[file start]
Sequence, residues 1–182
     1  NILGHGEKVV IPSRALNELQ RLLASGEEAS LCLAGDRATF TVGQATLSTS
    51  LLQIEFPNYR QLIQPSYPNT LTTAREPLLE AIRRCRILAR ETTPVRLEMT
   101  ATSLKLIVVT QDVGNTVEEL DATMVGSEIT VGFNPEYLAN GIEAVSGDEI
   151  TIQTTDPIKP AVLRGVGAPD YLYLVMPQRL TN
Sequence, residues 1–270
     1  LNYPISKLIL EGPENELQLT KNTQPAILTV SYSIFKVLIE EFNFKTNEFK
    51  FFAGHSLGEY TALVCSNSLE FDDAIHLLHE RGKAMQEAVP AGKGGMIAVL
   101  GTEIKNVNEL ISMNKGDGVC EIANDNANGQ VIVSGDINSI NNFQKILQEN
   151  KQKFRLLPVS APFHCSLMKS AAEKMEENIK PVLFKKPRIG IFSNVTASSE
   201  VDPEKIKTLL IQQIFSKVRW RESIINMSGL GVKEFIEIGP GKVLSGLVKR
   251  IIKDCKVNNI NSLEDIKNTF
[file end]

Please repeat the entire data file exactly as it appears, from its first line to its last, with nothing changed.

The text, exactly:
Sequence, residues 1–182
     1  NILGHGEKVV IPSRALNELQ RLLASGEEAS LCLAGDRATF TVGQATLSTS
    51  LLQIEFPNYR QLIQPSYPNT LTTAREPLLE AIRRCRILAR ETTPVRLEMT
   101  ATSLKLIVVT QDVGNTVEEL DATMVGSEIT VGFNPEYLAN GIEAVSGDEI
   151  TIQTTDPIKP AVLRGVGAPD YLYLVMPQRL TN
Sequence, residues 1–270
     1  LNYPISKLIL EGPENELQLT KNTQPAILTV SYSIFKVLIE EFNFKTNEFK
    51  FFAGHSLGEY TALVCSNSLE FDDAIHLLHE RGKAMQEAVP AGKGGMIAVL
   101  GTEIKNVNEL ISMNKGDGVC EIANDNANGQ VIVSGDINSI NNFQKILQEN
   151  KQKFRLLPVS APFHCSLMKS AAEKMEENIK PVLFKKPRIG IFSNVTASSE
   201  VDPEKIKTLL IQQIFSKVRW RESIINMSGL GVKEFIEIGP GKVLSGLVKR
   251  IIKDCKVNNI NSLEDIKNTF